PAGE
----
So I climbed up to the top of the world’s teeniest platform for the 10th time (I was wiped) and went for it.

I DID IT!!! I seriously did it.  Such an incredible, amazing feeling. I had to sit down and take it all in. 

While I’m pretty sure I’m not going to run off with the circus anytime soon, I would take more classes through Trapeze U
in a heartbeat and am looking forward to signing up again soon. Dylan
and the rest of the staff were amazing – they could clearly sense my
fear and self defeatist attitude and gave me the encouragement and tools
I needed to accomplish something I never thought I’d be able to do. 

You can follow my sister’s blog at 

Usually, I have fun coming up with post titles.  But, at first, this one may seem a bit confusing.  I assure that it will make sense once you are finished reading….

The day before Thanksgiving, my head was full of all the things that I had to get done before hosting a nice dinner the next day with my husband’s family.  

I like the idea of entertaining, but I must confess that I can get a little frazzled getting things done.

So, I was thrilled to be able to get out of the house with my mother, who offered to take me out to visit a very interesting place.

Believe it or not, Arizona has a olive mill.

As we approached the store/restaurant of this working olive mill, we passed by their vegetable garden…

Lettuce, Swiss Chard, Basil and much more was growing, which they use in their restaurant.      

Olive trees dotted the picnic area.

As you walk into the store, you are greeted by this sign.

My mother had a great time looking at all the different types of olive oil, salad dressings and balsamic vinegars that were available for sale.

There was a tasting bar, where you could sample all kinds of olive oil.  I tried most of these and liked the Blood Orange and Meyer Lemon best.  I didn’t particularly like the Vanilla Bean or White Truffle Oil though.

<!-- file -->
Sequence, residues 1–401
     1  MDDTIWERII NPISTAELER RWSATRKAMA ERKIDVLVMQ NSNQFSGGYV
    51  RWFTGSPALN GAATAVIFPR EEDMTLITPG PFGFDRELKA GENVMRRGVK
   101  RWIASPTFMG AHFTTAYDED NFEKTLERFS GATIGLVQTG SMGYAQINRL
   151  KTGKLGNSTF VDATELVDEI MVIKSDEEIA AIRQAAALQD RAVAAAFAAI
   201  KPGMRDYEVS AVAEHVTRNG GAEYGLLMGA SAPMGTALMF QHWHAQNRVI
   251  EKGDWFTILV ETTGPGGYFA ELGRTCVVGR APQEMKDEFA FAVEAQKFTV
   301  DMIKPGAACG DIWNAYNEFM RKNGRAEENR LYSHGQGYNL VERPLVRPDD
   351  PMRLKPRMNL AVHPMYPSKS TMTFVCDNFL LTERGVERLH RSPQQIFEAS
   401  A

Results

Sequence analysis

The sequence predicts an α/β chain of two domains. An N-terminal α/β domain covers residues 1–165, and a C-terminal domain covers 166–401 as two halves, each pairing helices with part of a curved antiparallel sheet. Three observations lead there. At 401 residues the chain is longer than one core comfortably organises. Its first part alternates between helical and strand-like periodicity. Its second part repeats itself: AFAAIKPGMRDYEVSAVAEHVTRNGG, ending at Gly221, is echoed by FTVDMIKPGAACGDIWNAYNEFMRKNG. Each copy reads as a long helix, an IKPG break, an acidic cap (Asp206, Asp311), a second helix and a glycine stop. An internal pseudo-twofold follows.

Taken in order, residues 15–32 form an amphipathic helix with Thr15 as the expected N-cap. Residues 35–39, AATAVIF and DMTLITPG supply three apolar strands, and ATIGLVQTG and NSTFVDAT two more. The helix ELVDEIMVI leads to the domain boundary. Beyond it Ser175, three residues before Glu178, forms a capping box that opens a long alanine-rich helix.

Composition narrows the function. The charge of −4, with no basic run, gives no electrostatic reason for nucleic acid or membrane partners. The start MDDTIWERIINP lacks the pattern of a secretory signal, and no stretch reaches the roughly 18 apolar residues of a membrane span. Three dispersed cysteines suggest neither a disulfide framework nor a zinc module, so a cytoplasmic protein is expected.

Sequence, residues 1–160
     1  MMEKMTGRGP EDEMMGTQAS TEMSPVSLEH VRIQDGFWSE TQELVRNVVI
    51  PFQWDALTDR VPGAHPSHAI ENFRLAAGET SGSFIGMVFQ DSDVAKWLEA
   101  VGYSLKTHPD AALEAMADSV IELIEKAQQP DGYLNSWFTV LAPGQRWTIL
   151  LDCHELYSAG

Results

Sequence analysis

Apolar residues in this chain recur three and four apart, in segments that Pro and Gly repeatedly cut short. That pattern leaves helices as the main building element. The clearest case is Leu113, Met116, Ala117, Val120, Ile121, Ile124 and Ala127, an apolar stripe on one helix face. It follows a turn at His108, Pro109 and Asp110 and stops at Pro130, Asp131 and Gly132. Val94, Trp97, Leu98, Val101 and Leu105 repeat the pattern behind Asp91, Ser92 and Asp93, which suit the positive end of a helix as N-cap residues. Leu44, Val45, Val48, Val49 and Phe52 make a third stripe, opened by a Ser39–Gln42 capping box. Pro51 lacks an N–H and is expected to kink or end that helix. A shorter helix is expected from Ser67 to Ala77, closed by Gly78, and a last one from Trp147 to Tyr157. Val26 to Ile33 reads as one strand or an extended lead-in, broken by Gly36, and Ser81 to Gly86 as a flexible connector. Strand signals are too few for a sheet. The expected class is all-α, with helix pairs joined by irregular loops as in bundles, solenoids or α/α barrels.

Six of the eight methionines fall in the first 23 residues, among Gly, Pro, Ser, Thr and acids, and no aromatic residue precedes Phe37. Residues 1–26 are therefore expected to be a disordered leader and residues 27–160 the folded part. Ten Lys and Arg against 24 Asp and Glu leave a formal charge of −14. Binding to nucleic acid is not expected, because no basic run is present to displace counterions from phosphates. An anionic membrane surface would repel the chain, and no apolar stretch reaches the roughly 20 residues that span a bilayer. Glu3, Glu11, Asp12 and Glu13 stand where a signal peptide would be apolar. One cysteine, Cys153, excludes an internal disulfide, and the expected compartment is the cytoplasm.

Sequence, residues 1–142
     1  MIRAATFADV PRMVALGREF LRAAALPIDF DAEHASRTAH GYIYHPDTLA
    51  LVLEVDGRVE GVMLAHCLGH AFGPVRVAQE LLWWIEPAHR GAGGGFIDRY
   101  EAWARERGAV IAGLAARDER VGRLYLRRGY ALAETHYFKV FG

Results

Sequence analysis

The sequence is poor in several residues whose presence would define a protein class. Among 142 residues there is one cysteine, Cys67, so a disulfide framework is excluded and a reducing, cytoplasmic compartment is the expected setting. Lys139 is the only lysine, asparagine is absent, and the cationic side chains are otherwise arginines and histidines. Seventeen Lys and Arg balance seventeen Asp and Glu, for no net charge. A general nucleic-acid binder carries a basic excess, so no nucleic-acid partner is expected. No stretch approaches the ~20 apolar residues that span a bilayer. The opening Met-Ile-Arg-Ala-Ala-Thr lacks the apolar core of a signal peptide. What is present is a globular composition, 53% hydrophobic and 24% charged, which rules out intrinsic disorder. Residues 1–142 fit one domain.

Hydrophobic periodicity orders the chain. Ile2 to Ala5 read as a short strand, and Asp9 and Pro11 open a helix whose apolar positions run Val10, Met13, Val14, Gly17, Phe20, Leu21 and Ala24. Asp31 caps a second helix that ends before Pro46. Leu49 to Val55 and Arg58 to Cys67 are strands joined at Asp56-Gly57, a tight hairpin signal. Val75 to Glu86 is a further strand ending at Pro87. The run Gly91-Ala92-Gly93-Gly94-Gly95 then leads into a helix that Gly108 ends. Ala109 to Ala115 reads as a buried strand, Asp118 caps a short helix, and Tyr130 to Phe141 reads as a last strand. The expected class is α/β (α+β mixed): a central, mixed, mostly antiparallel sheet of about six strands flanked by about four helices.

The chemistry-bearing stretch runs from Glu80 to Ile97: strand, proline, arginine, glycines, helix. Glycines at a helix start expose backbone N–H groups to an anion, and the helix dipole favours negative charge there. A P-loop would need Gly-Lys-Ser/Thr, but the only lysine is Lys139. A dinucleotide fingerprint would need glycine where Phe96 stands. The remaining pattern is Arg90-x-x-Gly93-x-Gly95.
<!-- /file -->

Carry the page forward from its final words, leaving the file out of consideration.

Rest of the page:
I had fun trying the balsamic vinegars.  I got the Pomegranate White Balsamic Vinegar to use in my ‘top secret’ salad dressing recipe.

There was a large selection of delicious recipes to choose from.  I chose these 3.
I just love a good tomato sauce, don’t you?

Delicious food to temp….

Their huge lunch menu made it hard for me to choose what to order, but I decided upon a roast beef panini.

We had a lovely visit and on our way back to the car, I noticed the large cotton field…

Cotton is grown in many areas in Arizona, but as cities grow, the cotton fields are often found in outlying areas.

So, now does the post title make sense?

I had a wonderful time with my mother and then it was time to get back home and finish preparations for Thanksgiving.

We had a wonderful time at our house with my husband’s family before heading to my sister’s house to have another Thanksgiving celebration with my family.

I hope you all enjoyed your holiday weekend.  I got some great gifts on sale on Black Friday – and I didn’t even leave my house until 9:00 in the morning 🙂

**You can find out more about the Queen Creek Olive Mill by clicking this link.

Did you all have a good weekend?  It was way too fast for me 😉

Last Friday, I had to head a couple hours north of town to do a consult in Sedona, AZ.  Now, north of where I live is always cooler, which is a good thing during the summer.  

On my way there, I started to look for the tiny hillside town of Jerome, which is visible from the highway.  Known as the “largest ghost town”, Jerome is one of my favorite places to visit.

My family and I did visit there last month and I was pleasantly surprised to find beautiful, perennial gardens, window boxes, a garden made up of glass and junk and so much more….

I would like to share my visit with you if I may….

As you can see, Jerome sits on the side of a mountain.
Although many of the historic buildings have been restored and play host to artists, stores and visiting tourists – there are those buildings that have definitely seen better days.
When I saw this building where grass and trees were now growing inside one old rooms, I could just imagine what was housed inside during the 1800’s.